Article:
US refuses to pay climate reparations to developing nations

WASHINGTON: The United States refused to pay reparations to developing countries hit by climate-related disasters, US special envoy on climate change John Kerry told a congressional hearing, according to several reports.

Kerry, a former US secretary of state, was asked by US Representative Brian Mast whether the US would contribute to a fund that would pay countries that have been damaged by floods, storms and other climate-driven disasters.

“No, under no circumstances,’ Kerry said in response to the Republican chair of the subcommittee.

Kerry was at the House of Representatives hearing on the State Department’s climate agenda just days before he was scheduled to travel to Beijing for renewed bilateral talks on climate change with China.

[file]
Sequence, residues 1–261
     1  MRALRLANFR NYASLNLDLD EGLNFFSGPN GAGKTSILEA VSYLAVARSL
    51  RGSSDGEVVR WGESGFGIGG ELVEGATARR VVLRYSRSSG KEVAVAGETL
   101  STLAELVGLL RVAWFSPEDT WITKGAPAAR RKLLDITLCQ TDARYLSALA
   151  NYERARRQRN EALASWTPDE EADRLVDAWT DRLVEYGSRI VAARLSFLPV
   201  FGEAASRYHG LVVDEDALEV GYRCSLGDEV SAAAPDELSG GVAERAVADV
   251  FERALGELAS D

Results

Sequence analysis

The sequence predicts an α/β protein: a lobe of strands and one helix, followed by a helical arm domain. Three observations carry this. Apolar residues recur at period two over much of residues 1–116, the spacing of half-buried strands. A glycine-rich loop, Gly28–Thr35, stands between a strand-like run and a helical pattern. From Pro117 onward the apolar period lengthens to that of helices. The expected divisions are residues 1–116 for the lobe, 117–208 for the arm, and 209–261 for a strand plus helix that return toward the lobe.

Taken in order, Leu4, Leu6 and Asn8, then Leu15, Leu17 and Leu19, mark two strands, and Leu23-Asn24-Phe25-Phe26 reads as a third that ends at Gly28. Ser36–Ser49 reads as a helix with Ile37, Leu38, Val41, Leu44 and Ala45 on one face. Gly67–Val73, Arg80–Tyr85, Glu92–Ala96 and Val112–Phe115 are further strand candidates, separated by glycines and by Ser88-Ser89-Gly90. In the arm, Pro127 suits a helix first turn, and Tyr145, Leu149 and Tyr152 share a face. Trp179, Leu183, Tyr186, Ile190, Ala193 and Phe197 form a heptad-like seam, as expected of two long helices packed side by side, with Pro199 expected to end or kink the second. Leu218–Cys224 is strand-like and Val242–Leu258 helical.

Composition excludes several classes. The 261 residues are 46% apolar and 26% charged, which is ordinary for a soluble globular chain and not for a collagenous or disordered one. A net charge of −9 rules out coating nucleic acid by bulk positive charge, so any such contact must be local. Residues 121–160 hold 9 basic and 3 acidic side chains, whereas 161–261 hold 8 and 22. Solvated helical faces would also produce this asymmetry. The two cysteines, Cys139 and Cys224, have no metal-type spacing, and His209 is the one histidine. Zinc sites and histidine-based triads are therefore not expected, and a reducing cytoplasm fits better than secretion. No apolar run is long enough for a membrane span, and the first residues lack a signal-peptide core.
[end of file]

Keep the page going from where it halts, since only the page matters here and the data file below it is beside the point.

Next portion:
Developing nations that are disproportionately affected by climate-related impacts have called for compensation from developed countries, which are historically responsible for climate change through disproportionately higher levels of greenhouse gas emissions.

Last November at the COP27 conference in Egypt, the US backed the creation of a funding body to address the “loss and damage” incurred by vulnerable nations as result of major or recurring disasters.

However, the deal did not clarify who would pay into the fund or how money would be disbursed.

The US and other developed countries had pushed for the inclusion of a footnote that excluded the idea of liability for historic emitters or compensation for countries harmed by disasters.


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